Your spine keeps you upright and protects the spinal cord and nerves that send signals from your brain to other parts of your body. It has three major sections: cervical, thoracic, and lumbar, which have different functions. The lowest region, known as the lumbar spine or your lower back, serves as the bearer of the body’s weight. It also allows you to lift and carry heavy objects and bend down. This section of your spine is particularly susceptible to injury and pain.
If you have any pain symptoms in your lumbar spine, seek medical attention for effective relief. Here are general guidelines that can help you determine when you should see a doctor for lumbar spine pain.
Lower back pain may be painful but not dangerous for most people – except for the elderly. Lumbar pain in people over the age of 55 may be caused by a fracture, osteoarthritis, and spinal stenosis. Spinal stenosis, or the narrowing of the spaces in the spine, can cause balance problems and paralysis. Likewise, lumbar spine pain in patients of advanced age may be due to an infection or tumor.
Lumbar spine pain and a fever could be signs of an infection, especially when the pain and fever do not subside with rest. This fever may indicate an infection of the spine, pelvic region, bladder, or kidney.
Swelling and Redness
When your lumbar spine pain is accompanied by swelling and redness in the back, you likely have an injury. However, it can also be due to herniated discs, a spine infection, or a tumor. A spine doctor can identify and diagnose such issues using an MRI or CT scan.
Tingling, Weakness, and Numbness
When your lower back pain is accompanied by a tingling sensation, numbness, and weak legs, it is likely caused by a pinching of the spinal cord. This may be a result of a herniated or ruptured disc in your lumbar area. Unattended, this condition may worsen and lead to bladder or bowel dysfunction.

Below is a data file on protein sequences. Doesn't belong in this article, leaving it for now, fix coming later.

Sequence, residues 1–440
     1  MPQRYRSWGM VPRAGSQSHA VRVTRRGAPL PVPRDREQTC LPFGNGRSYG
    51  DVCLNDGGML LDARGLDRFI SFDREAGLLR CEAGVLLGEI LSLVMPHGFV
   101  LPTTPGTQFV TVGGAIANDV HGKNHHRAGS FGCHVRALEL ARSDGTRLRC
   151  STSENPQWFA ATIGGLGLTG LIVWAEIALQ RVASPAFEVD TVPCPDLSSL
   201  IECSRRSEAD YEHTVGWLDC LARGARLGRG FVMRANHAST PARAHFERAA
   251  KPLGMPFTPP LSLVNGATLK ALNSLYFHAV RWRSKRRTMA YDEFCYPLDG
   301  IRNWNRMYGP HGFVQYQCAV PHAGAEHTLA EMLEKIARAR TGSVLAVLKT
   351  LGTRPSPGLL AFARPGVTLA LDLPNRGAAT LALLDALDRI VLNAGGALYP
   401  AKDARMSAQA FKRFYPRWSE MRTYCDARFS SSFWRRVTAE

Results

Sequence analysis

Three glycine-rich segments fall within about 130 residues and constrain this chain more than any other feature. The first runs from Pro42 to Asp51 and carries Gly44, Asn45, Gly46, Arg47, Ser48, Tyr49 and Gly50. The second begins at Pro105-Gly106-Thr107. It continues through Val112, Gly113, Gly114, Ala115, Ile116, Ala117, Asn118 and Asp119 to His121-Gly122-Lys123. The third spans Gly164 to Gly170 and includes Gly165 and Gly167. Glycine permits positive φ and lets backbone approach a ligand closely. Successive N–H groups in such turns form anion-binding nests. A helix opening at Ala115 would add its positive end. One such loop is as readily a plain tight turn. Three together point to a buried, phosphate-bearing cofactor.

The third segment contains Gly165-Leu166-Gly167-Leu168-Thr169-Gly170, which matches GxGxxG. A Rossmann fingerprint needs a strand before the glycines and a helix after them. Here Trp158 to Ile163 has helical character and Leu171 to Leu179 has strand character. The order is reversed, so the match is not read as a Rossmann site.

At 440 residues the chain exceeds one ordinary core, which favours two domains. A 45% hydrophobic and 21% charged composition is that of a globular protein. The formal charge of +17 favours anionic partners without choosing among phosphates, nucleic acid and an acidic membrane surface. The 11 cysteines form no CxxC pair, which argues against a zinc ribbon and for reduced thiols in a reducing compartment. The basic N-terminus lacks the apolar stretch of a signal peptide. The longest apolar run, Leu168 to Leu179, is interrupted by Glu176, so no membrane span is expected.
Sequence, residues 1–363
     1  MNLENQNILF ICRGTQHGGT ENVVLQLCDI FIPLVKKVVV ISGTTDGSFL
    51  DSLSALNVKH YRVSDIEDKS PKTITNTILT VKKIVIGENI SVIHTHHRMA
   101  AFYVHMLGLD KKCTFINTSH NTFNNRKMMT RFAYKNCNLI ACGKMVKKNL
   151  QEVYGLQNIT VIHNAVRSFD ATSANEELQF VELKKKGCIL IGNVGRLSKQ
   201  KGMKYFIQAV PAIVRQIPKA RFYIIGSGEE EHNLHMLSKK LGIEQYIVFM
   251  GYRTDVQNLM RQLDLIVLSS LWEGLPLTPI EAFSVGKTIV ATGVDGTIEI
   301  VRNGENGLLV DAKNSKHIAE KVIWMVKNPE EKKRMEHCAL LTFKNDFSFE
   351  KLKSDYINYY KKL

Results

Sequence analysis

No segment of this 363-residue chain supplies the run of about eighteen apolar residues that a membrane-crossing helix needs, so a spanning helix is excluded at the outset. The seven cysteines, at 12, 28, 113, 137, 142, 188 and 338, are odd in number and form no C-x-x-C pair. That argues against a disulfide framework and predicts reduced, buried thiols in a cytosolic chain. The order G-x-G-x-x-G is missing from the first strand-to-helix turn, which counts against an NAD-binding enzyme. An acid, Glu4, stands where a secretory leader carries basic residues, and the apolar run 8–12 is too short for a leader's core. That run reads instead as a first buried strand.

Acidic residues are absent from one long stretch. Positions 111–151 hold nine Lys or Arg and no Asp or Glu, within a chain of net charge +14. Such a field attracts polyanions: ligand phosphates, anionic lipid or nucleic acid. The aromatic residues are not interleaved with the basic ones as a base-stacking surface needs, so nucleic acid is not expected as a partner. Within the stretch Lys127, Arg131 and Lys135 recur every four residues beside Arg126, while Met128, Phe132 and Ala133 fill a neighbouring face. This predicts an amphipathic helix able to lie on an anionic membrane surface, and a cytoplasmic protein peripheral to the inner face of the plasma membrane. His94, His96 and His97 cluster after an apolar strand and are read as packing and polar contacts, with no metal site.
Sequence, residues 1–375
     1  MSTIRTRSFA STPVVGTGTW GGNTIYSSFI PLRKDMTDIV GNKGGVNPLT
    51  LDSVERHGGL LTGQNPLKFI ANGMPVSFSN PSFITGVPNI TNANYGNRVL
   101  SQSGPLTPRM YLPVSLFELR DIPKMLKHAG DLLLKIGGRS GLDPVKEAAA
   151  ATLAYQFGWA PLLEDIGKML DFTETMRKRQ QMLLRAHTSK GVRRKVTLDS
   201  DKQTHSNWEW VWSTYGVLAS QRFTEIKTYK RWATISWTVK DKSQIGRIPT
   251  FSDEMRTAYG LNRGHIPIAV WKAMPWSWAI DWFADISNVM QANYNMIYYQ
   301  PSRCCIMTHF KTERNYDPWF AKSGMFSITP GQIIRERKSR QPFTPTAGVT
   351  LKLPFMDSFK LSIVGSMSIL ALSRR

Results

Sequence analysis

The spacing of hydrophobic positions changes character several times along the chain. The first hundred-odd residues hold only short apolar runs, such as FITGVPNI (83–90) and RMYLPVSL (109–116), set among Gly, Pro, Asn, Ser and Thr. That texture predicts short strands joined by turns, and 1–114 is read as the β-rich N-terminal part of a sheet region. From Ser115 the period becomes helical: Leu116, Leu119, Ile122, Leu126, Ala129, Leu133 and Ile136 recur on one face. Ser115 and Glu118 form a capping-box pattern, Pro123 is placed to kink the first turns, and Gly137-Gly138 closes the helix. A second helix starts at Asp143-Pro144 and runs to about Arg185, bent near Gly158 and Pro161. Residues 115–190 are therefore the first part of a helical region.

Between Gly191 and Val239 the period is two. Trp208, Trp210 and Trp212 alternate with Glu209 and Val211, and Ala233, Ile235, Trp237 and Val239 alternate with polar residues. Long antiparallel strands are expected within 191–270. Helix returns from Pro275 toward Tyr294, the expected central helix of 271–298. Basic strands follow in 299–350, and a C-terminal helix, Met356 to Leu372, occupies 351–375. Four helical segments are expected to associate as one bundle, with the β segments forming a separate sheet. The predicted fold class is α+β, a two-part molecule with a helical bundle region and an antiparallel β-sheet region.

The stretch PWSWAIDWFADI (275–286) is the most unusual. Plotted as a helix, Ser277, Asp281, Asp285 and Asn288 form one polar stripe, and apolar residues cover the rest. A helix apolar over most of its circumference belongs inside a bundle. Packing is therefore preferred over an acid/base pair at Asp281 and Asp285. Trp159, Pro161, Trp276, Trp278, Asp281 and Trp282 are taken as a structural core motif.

Bowel or Bladder Incontinence
Bowel or bladder incontinence may result from nerve irritation and compression from a fracture, herniated disc, trauma, or stenosis. This symptom may occur alongside tingling, weakness, and numbness in the legs. Altogether, these signs and symptoms may indicate a condition called cauda equina syndrome.
If your lumbar spine pain repeatedly comes back – regardless of its intensity – it could be a sign of an underlying issue or injury. If you notice pain coming on often in the lumbar spine, see a doctor for a diagnosis.
Trauma and Injury
If your lumbar spine pain is the result of an accident, like a fall or a vehicular accident, seek immediate medical care. The pain may be from a spinal fracture. Trauma may also cause spinal stenosis or herniated discs. These conditions can worsen when left unattended and may cause further damage to your spine.
Spine Care in Maryland
The spine specialists in the Spine Academy of Orthopaedic Associates of Central Maryland look forward to helping you find relief from lumbar spine pain. We also offer treatment for your cervical and thoracic spine problems.
We have three clinics in Maryland ready to assist you with your spinal care needs. You may reach us at (410) 644-1880 to schedule an appointment with our board-certified spine care providers. You can also request an appointment through our secure online form. Let us give you the optimal care your spine needs!